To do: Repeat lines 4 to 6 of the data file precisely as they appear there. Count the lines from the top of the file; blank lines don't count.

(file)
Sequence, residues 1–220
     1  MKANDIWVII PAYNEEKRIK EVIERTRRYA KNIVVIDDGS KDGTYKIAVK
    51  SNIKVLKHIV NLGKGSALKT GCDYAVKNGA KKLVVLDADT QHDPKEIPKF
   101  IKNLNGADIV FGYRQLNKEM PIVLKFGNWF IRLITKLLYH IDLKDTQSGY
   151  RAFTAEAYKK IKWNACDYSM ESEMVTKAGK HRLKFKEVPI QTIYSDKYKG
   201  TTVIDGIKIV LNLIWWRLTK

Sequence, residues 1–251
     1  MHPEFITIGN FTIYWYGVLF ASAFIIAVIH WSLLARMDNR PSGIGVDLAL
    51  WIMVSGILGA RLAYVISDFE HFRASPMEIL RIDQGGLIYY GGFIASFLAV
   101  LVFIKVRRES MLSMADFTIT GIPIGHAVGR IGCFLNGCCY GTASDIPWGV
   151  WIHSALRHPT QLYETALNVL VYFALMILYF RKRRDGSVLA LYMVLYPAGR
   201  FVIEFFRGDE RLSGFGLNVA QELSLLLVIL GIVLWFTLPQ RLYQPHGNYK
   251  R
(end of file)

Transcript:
   101  IKNLNGADIV FGYRQLNKEM PIVLKFGNWF IRLITKLLYH IDLKDTQSGY
   151  RAFTAEAYKK IKWNACDYSM ESEMVTKAGK HRLKFKEVPI QTIYSDKYKG
   201  TTVIDGIKIV LNLIWWRLTK